By Matt Doiron
Billionaire Richard Chilton's Chilton Investment Company filed its 13F with the SEC in mid May, disclosing many of its long equity positions in U.S. stocks as of the end of March. Even though the information in 13F filings is a bit old, there are still a couple different ways to use it: we have found that it's possible to develop investment strategies based on 13Fs (for example, the most popular small-cap stocks among hedge funds outperform the S&P 500 by an average of 18 percentage points per year) and we can also mine 13Fs for initial investment ideas. Read on for our thoughts on Chilton's five largest holdings by market value from the filing, see the full 13F on the SEC's website, and check out Chilton's holdings over time.
The fund increased the size of its position in W.R. Grace (NYSE:GRA) to a total of 2.5 million shares by the end of the quarter. W.R. Grace is a provider of specialty chemicals and materials, notably catalysts which are used for fuel production. The company's revenue fell 6% in Q1 2013 versus a year earlier, contributing to a 13% decline in net income. Wall Street analysts are predicting that W.R. Grace will recover, and as a result its earnings per share will increase over the next couple years, but we're not sure that the forward P/E of 16 is that attractive when compared to other chemicals companies.
Chilton was also buying shares of Dollar General (NYSE:DG), closing March with a little over 3 million shares as opposed to 2.8 million three months earlier. At 19 times trailing earnings, Dollar General is valued several turns of EPS above where big-box discount retailers such as Target and Wal-Mart are trading. In addition, its recent financial performance has not been particularly strong, with revenue growing at an especially slow rate. As with other dollar stores (and value retailers in general), Dollar General does boast a low beta (0.1 in this case) though we think that defensive investors should still be wary of the valuation.
Sherwin-Williams (NYSE:SHW) was another of Chilton's top picks. The paint manufacturer and retailer has been a somewhat popular way to play the recovery in housing prices, helping the stock rise over 60% in the last year. However, the business has lagged market expectations- while earnings did grow 16% last quarter compared to the first quarter of 2012, sales were up only slightly and the stock is currently valued at 31 times trailing earnings. The sell-side is forecasting good earnings growth but we're still not sure that Sherwin-Williams makes for such an attractive growth stock.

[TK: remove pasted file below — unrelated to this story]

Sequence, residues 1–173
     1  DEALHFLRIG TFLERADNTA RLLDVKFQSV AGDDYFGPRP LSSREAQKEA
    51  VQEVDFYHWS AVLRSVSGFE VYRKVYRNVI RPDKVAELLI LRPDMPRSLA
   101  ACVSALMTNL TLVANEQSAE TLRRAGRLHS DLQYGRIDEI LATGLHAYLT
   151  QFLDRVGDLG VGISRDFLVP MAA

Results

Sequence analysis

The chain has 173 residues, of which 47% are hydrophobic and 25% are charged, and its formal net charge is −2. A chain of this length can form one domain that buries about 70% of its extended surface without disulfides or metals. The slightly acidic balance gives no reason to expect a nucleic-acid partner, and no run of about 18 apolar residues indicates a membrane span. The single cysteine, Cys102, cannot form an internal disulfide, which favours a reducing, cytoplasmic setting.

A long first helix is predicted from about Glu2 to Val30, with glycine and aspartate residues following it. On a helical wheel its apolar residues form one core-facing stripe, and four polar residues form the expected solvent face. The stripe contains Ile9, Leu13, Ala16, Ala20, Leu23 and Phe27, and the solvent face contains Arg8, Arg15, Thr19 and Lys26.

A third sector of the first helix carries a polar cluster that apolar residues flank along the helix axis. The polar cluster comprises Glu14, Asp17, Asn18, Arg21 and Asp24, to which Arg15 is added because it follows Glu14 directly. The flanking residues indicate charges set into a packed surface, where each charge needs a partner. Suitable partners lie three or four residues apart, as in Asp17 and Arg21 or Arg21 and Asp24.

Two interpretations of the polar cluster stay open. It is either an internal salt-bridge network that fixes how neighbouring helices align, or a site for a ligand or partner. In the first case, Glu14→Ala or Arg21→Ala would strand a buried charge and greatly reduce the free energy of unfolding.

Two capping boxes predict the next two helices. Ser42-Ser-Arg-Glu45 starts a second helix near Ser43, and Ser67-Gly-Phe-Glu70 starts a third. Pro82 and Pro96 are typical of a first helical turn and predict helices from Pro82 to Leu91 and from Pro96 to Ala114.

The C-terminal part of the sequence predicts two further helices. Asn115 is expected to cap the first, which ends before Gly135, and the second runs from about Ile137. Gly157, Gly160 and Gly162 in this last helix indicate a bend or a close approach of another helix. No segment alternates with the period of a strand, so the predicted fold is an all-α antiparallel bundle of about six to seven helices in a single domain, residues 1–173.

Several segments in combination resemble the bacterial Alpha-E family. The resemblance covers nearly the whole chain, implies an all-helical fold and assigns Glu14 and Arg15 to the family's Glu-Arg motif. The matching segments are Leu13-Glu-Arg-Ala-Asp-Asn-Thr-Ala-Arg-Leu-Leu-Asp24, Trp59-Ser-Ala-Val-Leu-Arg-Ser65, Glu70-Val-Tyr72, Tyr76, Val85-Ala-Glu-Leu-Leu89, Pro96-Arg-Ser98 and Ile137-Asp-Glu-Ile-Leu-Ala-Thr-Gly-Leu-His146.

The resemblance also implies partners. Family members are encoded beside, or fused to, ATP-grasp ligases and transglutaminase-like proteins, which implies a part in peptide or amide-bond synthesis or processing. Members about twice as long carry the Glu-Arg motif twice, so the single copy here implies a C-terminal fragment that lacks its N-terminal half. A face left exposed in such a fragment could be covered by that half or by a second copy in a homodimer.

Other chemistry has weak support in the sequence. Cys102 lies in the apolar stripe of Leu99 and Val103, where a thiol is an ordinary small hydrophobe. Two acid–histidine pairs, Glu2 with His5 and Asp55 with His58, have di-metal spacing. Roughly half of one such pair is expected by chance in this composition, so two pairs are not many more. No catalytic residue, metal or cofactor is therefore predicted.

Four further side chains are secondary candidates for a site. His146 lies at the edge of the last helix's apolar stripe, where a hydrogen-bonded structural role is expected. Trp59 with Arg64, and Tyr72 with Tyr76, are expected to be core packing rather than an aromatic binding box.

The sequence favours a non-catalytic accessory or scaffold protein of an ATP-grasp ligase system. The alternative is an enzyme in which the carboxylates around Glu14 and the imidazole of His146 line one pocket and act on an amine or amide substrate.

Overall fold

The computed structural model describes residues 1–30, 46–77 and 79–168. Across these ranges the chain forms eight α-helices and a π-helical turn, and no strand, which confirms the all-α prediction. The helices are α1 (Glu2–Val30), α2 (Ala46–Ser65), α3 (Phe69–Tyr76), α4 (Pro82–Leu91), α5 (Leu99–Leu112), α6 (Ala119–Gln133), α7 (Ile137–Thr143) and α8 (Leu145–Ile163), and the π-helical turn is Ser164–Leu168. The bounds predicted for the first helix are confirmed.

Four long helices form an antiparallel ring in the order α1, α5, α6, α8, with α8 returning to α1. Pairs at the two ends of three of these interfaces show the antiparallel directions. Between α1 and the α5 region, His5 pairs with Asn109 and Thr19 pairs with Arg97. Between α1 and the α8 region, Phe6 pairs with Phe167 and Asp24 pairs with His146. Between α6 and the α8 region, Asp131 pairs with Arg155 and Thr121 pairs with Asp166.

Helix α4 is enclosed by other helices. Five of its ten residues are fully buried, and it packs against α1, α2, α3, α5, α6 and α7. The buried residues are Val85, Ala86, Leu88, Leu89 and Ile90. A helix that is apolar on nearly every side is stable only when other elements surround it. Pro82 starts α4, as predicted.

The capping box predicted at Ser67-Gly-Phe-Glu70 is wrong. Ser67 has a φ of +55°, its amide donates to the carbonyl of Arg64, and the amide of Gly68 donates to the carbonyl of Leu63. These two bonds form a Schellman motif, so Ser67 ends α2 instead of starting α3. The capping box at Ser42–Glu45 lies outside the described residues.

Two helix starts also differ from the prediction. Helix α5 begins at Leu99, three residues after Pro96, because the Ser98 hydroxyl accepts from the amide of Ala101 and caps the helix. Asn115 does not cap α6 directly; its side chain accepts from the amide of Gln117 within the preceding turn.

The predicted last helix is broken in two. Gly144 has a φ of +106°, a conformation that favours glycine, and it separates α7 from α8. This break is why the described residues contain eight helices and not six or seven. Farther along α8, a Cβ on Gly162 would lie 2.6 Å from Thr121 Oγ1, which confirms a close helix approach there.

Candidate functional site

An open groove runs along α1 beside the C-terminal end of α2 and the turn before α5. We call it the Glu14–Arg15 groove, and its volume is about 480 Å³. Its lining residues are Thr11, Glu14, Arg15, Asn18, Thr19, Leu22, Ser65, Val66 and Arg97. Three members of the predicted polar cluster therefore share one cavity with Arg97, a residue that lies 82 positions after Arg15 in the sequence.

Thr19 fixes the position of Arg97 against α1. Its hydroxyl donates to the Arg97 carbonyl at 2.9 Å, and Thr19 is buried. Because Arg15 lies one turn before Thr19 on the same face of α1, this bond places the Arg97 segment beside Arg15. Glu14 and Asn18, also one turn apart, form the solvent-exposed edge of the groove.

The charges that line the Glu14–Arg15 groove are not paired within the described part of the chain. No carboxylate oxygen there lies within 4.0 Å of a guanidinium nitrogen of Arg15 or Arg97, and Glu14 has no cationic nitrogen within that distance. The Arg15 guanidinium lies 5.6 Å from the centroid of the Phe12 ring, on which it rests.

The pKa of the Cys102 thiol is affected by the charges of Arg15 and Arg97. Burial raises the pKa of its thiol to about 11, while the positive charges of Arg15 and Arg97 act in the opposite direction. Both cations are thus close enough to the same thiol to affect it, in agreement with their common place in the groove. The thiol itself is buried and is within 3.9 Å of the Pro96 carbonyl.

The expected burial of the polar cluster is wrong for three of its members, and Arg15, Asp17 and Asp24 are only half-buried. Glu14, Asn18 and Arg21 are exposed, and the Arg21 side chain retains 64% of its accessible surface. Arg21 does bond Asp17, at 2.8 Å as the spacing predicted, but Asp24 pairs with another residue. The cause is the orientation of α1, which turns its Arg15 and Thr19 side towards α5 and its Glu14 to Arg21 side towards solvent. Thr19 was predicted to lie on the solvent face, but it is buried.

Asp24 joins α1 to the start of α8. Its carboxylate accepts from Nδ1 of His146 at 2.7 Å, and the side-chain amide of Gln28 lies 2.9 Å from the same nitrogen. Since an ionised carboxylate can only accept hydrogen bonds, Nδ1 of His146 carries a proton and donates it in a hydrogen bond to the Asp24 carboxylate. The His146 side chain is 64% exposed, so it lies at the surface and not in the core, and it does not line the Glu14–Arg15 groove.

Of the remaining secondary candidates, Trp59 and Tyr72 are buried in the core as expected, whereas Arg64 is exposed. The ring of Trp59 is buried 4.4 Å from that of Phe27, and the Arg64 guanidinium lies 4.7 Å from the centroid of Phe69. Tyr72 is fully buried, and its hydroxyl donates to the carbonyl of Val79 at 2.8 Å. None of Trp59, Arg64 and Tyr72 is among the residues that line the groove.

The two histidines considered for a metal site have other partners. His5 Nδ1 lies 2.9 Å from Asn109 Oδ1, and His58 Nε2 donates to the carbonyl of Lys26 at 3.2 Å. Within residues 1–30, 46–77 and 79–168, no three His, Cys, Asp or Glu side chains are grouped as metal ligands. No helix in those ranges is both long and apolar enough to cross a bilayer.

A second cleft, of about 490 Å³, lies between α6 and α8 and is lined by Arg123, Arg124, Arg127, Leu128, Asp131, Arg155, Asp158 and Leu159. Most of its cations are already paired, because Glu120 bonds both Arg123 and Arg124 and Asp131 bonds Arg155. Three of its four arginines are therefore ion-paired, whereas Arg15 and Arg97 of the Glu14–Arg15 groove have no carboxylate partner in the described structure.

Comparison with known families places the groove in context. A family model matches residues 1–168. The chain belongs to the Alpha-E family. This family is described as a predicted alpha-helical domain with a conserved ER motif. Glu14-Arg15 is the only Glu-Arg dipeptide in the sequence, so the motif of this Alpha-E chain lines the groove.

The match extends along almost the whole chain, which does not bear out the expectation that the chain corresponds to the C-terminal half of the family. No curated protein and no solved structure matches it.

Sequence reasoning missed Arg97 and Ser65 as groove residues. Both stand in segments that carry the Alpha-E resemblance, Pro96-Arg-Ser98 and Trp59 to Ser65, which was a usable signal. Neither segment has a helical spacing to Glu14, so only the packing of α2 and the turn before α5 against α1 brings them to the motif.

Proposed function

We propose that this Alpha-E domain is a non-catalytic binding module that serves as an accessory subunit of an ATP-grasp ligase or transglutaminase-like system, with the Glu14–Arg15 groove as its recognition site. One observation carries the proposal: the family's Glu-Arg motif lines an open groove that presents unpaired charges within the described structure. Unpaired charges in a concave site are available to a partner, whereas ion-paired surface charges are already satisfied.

The filing showed Chilton owning 1.3 million shares of Airgas (NYSE:ARG), a $7.7 billion market cap provider of industrial gases, as of the beginning of April. The fourth quarter of the company's fiscal year ended in March; during that quarter, performance was essentially flat from its levels a year ago. Airgas also appears to be a stable company in general, with little exposure to the broader economy (the stock's beta is 0.4). However, as with Dollar General the stock does appear a bit pricey to us, and so we'd recommend looking elsewhere if the industry is of interest to an investor.
Chilton disclosed ownership of 5.1 million shares of replacement auto parts company LKQ (NASDAQ:LKQ). Earnings multiples are high here - the stock trades at trailing and forward P/Es of 29 and 20, respectively. In addition, we're less than confident that LKQ is on the path to hitting these analyst targets with earnings rising only 4% in its most recent quarter compared with the same period in the previous year. We suppose that LKQ serves as an auto-related company with less dependence on new car sales, possibly even seeing a downside in that case, but it still doesn't seem like a good value at this time.
Disclosure: I have no positions in any stocks mentioned, and no plans to initiate any positions within the next 72 hours.
Business relationship disclosure: This article is written by Insider Monkey's writer, Matt Doiron, and edited by Meena Krishnamsetty. They don't have any business relationships with any of the companies mentioned in this article and they didn't receive compensation (other than from Insider Monkey and Seeking Alpha) to write this article.